Relaxation of Loaded ESCRT-III Spiral Springs Drives Membrane Deformation.
Bottom Line: We reasoned that Snf7 spirals could function as spiral springs.Furthermore, we observed that the elastic expansion of compressed Snf7 spirals generated an area difference between the two sides of the membrane and thus curvature.This spring-like activity underlies the driving force by which ESCRT-III could mediate membrane deformation and fission.
Affiliation: University of Geneva, Department of Biochemistry, quai Ernest Ansermet 30, 1211 Geneva 4, Switzerland.Show MeSH
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Mentions: We first acquired images of Snf7 patches by AFM. GUVs composed of 60% DOPC and 40% DOPS were burst on a mica support (Figure S2A). After a four hours incubation of Snf7 at 1 μM, AFM images revealed that the micron-sized Snf7 patches consisted of packed arrays of Snf7 circular assemblies (Figure 2A; Figure S2B). Each assembly was formed by concentric circle-like structures. However, in these packed conditions, rather than being perfectly circular, each assembly was deformed into polygons with six neighbors on average (Figure 2B). The average external radius was 123 ± 35 nm (in the following, values are mean ± SD unless otherwise noted; n = 295) (Figure 2C), and the innermost circle had an average radius of 18 ± 3 nm (n = 120) (Figure 2D). The average distance between successive circles was nm (n = 80) (Figure 2E).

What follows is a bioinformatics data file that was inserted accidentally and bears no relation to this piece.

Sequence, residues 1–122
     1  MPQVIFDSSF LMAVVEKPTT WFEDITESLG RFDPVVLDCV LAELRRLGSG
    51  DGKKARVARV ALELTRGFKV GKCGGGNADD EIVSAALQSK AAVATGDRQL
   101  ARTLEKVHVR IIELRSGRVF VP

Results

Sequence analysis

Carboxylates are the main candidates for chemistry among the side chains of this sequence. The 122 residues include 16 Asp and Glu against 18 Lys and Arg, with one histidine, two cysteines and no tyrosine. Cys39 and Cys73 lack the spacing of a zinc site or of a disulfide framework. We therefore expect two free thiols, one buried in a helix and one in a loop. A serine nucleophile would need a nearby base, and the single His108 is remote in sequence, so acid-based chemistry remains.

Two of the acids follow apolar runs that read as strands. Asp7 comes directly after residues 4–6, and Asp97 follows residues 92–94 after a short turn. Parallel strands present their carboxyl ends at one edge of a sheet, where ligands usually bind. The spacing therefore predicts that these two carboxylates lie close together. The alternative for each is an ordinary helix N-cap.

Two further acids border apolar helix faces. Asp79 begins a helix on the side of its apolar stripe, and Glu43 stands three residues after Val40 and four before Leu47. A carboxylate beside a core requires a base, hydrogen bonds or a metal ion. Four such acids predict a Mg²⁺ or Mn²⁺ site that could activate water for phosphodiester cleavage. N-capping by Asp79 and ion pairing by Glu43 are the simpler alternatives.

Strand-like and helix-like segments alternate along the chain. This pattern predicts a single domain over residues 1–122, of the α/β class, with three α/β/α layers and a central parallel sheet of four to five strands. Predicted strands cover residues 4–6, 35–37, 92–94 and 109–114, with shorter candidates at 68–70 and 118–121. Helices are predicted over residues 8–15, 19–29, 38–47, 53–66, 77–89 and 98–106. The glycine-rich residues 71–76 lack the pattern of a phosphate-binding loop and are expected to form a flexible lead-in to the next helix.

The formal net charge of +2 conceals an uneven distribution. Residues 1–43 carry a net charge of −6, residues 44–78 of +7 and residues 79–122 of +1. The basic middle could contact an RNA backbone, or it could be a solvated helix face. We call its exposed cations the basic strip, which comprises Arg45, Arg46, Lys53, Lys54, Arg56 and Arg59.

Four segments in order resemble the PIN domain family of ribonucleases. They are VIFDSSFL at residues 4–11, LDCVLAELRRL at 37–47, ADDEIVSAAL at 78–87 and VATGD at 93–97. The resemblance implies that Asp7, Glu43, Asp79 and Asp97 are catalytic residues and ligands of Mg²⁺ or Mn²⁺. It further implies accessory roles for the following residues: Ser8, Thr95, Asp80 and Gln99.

Affiliation: University of Geneva, Department of Biochemistry, quai Ernest Ansermet 30, 1211 Geneva 4, Switzerland.